How good is the 2012 rookie class?

Are we witnessing history in the making with the 2012 rookie class?  It certainly seems possible.  There’s no real debate that the 2001 class appears to be the best most folks can remember.  Future Hall of Famers Ichiro Suzuki, C.C. Sabathia and Albert Pujols all debuted that season.  Perennial all star candidates Alfonso Soriano, Roy Oswalt, Jimmy Rollins and Adam Dunn even debuted that year, though they failed to receive the recognition that Ichiro and Pujols garnered.  So what does 2012 have that can stack up? 

A lot actually.  No one can say for sure if there are any Hall of Famers in the mix (can you say that about any rookie?).  But on the surface there looks to be as much talent as any class since 2001 and possibly ever. The National League class is led by….

  1. Padres 1B Yonder Alonso (.300/.366/.427 with 11 doubles in 31 games)
  2. Teen sensation Bryce Harper (.233/.333/.372 with 6 doubles in 51 plate appearances). 

The American League offers a somewhat deeper rookie class with

  1. LHP Matt Moore (numbers too ugly to post, but most believe he’s an ace in the making)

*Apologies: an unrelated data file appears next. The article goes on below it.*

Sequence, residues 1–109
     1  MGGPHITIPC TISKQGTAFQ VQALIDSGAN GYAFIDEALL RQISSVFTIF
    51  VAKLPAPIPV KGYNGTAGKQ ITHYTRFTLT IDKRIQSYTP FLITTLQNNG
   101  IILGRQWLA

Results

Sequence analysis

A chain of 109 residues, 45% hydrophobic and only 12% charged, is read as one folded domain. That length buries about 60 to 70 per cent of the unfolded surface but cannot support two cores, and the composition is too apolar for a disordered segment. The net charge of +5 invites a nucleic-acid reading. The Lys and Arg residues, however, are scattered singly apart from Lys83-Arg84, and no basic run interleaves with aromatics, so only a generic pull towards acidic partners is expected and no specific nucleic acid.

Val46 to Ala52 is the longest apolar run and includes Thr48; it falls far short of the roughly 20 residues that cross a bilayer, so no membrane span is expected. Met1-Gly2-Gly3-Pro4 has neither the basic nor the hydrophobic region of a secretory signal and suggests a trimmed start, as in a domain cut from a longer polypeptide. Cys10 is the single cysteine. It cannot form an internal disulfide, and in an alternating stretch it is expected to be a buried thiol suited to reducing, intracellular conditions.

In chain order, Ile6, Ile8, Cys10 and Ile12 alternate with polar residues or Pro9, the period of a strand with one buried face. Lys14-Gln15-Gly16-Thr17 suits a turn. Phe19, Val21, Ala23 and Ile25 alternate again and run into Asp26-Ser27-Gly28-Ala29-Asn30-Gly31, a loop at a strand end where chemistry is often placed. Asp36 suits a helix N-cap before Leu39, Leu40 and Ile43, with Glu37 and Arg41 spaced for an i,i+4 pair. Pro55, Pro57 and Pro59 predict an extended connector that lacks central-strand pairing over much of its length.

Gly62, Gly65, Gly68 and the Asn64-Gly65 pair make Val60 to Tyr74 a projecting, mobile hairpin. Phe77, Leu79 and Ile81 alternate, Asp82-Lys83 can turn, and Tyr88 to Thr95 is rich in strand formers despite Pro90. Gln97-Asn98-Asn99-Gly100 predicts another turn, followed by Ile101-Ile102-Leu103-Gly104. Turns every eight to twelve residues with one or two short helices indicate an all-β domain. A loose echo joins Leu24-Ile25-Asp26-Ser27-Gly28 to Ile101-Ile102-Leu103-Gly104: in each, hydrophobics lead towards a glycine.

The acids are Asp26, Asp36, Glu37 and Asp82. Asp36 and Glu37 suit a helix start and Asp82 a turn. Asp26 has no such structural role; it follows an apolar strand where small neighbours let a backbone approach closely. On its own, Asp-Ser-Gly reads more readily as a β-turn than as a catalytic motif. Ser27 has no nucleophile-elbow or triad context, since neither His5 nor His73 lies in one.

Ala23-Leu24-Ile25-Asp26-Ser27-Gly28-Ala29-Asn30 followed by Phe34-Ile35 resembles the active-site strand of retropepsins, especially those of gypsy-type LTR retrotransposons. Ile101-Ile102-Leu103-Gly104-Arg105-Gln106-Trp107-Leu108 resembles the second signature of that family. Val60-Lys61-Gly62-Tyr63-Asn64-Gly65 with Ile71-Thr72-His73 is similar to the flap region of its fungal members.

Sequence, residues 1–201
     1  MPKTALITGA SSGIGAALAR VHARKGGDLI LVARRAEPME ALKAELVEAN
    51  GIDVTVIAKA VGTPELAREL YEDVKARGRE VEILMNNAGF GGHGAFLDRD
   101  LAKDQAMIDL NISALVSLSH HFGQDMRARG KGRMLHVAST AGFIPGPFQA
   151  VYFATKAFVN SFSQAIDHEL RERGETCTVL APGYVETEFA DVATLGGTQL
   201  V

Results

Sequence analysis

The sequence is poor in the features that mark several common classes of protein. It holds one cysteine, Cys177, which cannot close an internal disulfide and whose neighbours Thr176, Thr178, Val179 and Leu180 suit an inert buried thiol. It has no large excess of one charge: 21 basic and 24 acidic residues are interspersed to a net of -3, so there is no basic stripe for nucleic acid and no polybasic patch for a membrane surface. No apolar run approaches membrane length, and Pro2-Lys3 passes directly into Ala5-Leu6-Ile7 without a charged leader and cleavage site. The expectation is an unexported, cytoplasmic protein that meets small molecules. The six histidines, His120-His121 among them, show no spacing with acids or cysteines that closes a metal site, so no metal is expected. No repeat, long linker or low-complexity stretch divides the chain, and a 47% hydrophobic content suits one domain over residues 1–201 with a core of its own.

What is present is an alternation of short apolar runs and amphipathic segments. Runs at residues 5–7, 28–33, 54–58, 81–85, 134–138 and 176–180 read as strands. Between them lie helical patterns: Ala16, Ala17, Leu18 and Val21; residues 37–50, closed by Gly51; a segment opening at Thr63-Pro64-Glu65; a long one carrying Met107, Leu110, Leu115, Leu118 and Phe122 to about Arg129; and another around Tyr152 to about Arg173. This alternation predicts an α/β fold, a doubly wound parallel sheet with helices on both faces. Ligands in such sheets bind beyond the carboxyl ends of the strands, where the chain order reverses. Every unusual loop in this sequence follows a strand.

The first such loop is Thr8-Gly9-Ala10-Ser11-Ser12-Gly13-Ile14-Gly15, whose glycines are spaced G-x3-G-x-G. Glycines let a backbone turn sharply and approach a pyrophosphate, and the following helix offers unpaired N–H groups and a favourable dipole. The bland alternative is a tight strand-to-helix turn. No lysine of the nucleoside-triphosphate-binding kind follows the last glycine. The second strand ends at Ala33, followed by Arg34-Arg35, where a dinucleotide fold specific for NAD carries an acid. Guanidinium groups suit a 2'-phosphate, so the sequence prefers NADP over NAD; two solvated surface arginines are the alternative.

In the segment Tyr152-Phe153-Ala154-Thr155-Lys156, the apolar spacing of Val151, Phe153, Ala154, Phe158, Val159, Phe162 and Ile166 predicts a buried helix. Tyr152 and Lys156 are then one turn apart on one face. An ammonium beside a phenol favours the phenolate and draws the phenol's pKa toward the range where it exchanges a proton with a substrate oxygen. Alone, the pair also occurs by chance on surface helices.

2. Cuban import Yoenis Cespedes (.245/.319/.434 with 5 doubles, 5 home runs, and 4 stolen bases in 28 games. He’s missed the past couple of games with a hand injury, though)
  3. Designated hitters Jesus Montero (.267/.281/.440 with 5 doubles and 5 home runs in 30 games)
  4. Japanese legend Yu Darvish (44 1/3 IP, 51 K, 2.84 ERA, and a 5-1 record)
  5. 5-tool candidate Mike Trout (.317 BA, .968 OPS, 5 doubles, 2 home runs and 2 stolen bases in only 11 games). 

That’s not to mention other notorious rookies that may qualify before the end of the season like Jarrod Parker, Trevor Bauer, Tyler Skaggs, Drew Pomeranz and Anthony Rizzo.  You have to figure that Alonso may garner some votes as he’s on pace to hit over 50 doubles.  Harper has cooled off significantly and took his frustrations out on his head (10 stitches from a bat that bounced off a wall and smacked him up the noggin) but he’ll get votes because he’s the 2012 MLB version of Lebron James.  In the AL, Matt Moore may pitch his team to the playoffs, Cespedes could possibly hit 30 homeruns and steal 30 bases in his rookie season, Montero should get some votes because of his catcher eligibility, Darvish may contend for the Cy Young and Trout may hit .300, contend for gold glove, hit 20+ homeruns and steal another 20 or 30 bases.  

There’s a lot of baseball left to be played, but this 2012 group looks like it may have at least half a dozen superstars in the making and may rival 2001 as the greatest rookie class of this generation.  Keep watchin’ folks, this kids make the game exciting.

Scott Allen

About Scott Allen

Scott is a writer for The Outside Corner and writer/prospect expert at Monkey With A Halo can be followed on Twitter @ScottyA_MWAH

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